Immunocal being tested for autism potential

By Clarisse Douaud

- Last updated on GMT

Related tags: Glutathione, Whey protein, Research and development, Research

Scientists in Texas are looking into whether or not the whey
protein isolate ingredient Immunocal could lessen the symptoms of
autism by raising glutathione levels in the brain.

A team of researchers from the University of Texas Southwestern Medical Center in Dallas will be using the proprietary protein supplement marketed by Immunotec Research of Quebec and manufactured by Glanbia Nutritionals.

Studies have shown levels of the antioxidant glutathione are typically about 50 percent lower in children with autism.

"We know that Immunocal has been used to raise glutathione in other studies very effectively in areas such as cancer and lung disease,"​ said co-investigator Dr. Jill James. "We want to take advantage of this same technology"​.

Autism is a neurological developmental disorder that affects children's ability to socialize normally, impairs language skills, restricts their interests and curiosity and causes other behavioral abnormalities. One in every 175 American children is identified as having autism, but this rate is rising. Medical treatment of the disorder has been minimally effective.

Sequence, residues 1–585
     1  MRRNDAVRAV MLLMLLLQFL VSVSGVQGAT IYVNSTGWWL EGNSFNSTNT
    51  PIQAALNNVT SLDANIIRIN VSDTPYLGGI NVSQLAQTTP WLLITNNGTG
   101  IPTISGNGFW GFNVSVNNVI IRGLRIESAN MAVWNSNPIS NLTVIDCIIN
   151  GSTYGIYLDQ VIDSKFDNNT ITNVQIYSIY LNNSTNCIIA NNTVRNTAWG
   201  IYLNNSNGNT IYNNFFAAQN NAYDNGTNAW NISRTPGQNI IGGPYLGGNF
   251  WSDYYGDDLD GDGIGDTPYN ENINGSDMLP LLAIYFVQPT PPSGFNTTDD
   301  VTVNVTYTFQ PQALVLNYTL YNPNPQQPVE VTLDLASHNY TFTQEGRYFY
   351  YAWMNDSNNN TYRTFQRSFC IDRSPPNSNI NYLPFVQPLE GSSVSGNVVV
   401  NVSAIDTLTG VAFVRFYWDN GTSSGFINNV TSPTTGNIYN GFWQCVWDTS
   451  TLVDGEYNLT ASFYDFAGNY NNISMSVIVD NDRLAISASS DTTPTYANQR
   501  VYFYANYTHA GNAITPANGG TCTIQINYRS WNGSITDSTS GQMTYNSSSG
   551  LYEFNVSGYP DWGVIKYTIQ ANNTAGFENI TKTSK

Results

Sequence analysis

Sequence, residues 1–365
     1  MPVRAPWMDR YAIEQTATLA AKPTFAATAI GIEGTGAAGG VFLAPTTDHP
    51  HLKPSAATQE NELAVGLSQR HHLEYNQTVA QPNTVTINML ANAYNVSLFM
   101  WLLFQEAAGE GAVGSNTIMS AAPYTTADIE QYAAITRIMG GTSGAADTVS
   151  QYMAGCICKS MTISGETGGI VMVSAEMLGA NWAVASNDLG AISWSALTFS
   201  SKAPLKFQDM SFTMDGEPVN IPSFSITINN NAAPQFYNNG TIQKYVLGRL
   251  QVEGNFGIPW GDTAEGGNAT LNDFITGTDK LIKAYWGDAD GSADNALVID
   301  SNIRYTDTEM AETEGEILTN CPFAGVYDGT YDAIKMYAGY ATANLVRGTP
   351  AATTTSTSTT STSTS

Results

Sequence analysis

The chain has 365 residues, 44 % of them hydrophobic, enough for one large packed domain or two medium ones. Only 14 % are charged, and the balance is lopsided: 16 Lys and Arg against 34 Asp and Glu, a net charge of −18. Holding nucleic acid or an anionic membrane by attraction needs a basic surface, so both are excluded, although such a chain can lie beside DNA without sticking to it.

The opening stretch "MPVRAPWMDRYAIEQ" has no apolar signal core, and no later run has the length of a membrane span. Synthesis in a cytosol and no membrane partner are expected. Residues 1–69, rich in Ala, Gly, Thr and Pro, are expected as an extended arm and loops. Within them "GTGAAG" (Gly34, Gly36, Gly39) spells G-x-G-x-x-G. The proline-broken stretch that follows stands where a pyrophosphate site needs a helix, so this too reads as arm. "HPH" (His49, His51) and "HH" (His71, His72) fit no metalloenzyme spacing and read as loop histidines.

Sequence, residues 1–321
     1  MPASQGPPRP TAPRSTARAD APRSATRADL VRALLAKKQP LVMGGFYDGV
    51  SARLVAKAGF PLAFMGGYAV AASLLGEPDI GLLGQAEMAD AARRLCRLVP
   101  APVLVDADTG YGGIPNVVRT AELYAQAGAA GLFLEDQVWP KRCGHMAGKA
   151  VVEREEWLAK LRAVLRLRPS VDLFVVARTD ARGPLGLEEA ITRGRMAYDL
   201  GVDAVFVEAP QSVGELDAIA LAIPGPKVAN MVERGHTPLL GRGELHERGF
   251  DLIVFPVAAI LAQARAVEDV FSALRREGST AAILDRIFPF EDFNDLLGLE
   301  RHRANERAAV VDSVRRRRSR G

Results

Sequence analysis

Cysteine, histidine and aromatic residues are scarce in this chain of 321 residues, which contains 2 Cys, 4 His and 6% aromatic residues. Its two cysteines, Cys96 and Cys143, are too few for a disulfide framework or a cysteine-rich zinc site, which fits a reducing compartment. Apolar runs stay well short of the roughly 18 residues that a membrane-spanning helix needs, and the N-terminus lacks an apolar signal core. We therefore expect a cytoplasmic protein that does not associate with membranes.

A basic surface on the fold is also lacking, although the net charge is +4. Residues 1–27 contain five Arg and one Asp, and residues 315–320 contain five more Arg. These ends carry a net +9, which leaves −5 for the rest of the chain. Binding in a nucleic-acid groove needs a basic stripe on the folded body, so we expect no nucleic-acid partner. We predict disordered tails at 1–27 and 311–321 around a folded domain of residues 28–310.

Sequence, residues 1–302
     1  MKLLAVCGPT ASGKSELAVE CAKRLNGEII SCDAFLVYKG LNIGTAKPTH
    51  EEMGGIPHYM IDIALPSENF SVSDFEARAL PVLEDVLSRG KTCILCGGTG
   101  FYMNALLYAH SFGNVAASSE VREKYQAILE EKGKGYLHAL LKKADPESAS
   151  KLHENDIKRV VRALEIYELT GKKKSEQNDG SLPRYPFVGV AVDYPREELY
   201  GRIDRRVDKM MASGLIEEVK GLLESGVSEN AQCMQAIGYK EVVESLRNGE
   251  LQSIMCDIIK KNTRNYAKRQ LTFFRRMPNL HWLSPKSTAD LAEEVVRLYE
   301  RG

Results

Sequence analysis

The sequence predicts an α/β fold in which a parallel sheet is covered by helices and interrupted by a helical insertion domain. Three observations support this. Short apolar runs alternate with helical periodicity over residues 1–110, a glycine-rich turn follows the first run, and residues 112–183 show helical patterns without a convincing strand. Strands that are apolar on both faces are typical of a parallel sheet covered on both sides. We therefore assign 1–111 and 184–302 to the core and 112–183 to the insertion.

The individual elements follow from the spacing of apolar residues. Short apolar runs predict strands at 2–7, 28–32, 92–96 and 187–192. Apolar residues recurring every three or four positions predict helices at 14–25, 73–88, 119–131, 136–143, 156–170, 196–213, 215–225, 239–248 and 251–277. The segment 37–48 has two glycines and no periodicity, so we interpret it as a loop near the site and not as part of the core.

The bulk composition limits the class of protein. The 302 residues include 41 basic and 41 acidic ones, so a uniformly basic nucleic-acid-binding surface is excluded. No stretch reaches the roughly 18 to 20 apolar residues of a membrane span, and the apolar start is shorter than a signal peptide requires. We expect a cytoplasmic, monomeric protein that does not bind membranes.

According to Immunotec, bonded cysteines found in Immunocal are building blocks for glutathione. Glutathione, a naturally-occurring protein in our bodies, is responsible for a number of functions including removing or neutralizing dangerous substances we are exposed to on a daily basis.

Toxins, pollution, disease, stress, and poor diet can all contribute to loss of glutathione, said Immunotec.

"Some children with autism are poor detoxifiers relative to normally developing children, and in particular, have trouble excreting toxic metals,"​ said the study's principal investigator, Dr. Janet Kern. "…We want to clearly establish that raising glutathione levels in these children will improve their ability to detoxify these substances and in that way improve some of their symptoms."

The research is taking the form of a pilot study to begin with and will involved between ten and 20 young children suffering autism for a period of a few months, Immunotec Research's vice president for research and development John Molson told NutraIngredients-USA.

"It has yet really to be defined,"​ said Molson of the link between glutathione supplementation and autism. "But based on what we've seen anecdotally, the results are favourable."

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